Five marginal oil field operators may lose as much as N15.5 billion($100million) to bunkering by end of the year, an increase of about 25% from the N11.62 billion ($75 million) loss recorded last year, BusinessDay has learnt.
Consequently, the companies are making moves to establish a 10,000 barrels export refinery which could mitigate the effect of the activities of the oil thieves, which have caused and are still causing revenue challenges to government and the economy.
The oil companies affected are Energia, Pillar, Cross, Platform and Mid-Western Petroleum, which together have the capacity to export 30,000 barrels per day, but are being limited to 21,000 barrel per day because of transportation challenges.
According to a source close to the companies, each of them transports its crude to the terminal through the Agip facility which is close to their areas of operation.
The operators said unless government declares war on bunkering, just as it has done against Boko Haram insurgents in the northern parts of the country, the crude oil losses would continue.
Also commenting , Felix Amieyeofori Valentine, managing director of Energia, said the activities of oil thieves had impacted heavily on oil sector revenues and production, to the extent that it had been proposed that one of the solutions to persistent illegal bunkering, was to reduce the amount of crude which goes through the pipelines, by building a refinery that is export oriented, so as to reduce their loses.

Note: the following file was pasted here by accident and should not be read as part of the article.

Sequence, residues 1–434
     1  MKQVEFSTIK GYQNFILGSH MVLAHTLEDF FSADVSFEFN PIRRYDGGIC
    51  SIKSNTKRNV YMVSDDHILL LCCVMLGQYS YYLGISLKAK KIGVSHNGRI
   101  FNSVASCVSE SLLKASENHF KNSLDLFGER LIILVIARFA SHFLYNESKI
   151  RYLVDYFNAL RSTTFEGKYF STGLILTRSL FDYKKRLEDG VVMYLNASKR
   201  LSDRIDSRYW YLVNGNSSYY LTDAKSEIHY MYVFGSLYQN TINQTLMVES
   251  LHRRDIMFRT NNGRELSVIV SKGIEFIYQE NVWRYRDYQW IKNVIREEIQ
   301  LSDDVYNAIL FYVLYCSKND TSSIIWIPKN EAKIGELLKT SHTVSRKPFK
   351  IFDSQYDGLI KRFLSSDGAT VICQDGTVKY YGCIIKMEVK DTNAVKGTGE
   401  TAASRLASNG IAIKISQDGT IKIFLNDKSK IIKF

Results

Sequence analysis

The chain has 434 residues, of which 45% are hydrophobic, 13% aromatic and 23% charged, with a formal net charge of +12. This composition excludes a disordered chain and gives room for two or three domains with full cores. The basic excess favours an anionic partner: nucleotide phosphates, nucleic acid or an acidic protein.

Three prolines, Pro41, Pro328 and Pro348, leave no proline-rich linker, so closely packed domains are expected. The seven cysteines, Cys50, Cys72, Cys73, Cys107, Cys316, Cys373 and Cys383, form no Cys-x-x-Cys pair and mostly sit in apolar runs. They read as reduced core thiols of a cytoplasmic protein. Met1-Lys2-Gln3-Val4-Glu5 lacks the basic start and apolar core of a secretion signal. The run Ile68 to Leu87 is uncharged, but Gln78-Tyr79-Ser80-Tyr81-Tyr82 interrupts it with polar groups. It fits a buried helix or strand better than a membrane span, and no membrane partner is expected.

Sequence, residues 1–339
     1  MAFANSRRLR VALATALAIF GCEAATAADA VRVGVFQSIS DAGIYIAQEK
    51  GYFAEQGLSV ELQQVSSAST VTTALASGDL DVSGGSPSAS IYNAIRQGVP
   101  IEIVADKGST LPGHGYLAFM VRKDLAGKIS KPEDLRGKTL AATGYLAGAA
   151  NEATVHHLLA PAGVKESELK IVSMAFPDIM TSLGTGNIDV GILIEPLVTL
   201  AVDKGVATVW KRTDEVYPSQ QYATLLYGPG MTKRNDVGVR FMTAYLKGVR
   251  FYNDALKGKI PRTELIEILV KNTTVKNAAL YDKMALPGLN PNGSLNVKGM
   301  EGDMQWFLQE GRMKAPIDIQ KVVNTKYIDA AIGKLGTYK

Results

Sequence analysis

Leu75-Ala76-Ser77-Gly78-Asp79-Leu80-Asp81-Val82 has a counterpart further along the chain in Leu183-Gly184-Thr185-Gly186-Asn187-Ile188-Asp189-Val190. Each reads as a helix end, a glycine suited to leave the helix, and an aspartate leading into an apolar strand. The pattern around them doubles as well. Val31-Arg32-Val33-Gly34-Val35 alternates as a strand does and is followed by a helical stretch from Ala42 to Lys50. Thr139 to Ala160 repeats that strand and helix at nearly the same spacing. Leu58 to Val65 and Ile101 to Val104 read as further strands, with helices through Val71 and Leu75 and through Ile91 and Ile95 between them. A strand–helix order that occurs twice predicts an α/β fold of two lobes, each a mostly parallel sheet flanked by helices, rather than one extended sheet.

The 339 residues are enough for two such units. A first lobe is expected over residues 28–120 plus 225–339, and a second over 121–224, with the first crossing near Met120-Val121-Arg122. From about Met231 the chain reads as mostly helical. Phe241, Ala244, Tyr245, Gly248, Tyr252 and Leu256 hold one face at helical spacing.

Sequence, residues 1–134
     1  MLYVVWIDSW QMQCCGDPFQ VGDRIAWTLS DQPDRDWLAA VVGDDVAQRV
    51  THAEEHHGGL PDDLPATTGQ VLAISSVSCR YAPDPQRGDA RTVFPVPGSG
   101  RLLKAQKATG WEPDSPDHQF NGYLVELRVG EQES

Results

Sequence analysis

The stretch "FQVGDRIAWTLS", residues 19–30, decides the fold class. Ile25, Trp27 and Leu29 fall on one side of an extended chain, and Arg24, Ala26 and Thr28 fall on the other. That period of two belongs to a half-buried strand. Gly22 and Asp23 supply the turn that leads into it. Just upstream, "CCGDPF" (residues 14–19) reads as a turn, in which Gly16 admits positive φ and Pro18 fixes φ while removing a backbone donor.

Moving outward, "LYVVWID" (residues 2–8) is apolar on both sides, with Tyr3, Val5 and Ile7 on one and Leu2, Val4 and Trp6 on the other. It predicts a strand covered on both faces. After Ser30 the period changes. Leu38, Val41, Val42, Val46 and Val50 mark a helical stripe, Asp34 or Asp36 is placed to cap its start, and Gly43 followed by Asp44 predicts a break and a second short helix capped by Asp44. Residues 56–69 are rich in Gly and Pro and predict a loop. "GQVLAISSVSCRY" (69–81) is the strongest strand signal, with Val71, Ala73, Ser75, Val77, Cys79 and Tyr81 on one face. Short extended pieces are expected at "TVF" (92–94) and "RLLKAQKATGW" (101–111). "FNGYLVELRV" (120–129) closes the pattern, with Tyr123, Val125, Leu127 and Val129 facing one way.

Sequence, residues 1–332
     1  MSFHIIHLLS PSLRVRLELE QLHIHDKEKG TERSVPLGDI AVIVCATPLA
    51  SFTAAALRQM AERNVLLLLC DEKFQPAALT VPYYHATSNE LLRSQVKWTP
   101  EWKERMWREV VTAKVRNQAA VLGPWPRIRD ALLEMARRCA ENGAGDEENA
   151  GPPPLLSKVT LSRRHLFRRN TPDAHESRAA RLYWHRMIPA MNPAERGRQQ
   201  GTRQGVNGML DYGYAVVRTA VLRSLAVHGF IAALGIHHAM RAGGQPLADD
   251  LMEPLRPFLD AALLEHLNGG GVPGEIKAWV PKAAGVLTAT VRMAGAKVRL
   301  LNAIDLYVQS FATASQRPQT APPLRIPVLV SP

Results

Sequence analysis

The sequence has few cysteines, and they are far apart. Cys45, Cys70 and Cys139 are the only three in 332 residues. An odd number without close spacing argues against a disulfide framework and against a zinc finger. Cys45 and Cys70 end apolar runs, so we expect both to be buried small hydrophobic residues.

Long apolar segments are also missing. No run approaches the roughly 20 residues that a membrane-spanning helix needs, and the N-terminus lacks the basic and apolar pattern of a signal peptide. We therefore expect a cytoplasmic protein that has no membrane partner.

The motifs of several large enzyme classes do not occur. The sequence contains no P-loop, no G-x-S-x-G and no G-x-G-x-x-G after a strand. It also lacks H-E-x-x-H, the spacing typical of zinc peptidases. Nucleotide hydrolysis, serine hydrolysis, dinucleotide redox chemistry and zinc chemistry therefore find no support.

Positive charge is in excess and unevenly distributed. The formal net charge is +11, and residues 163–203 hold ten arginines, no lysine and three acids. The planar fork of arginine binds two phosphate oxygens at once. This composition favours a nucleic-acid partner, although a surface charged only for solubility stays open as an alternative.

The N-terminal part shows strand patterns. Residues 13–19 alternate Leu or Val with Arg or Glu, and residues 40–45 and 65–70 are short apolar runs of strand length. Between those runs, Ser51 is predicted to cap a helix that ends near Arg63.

The Energia boss who disclosed that his company was expected to ramp up field production to more than 10,000 barrels per day in 2014 said another reason why they were thinking of refineries, was to mitigate the effects of the recent
policy shift by the United States of America and perhaps China and some European counties, away from crude oil and gas importation, which would certainly affect the Nigerian economy.
He said the nation should start being creative, so that as the external market shrinks, it can start internal consumption and that this can be facilitated by increasing local refining capacity.
“If nobody buys our oil again, shall we not look inward to see what we can do with ourselves?”, he asked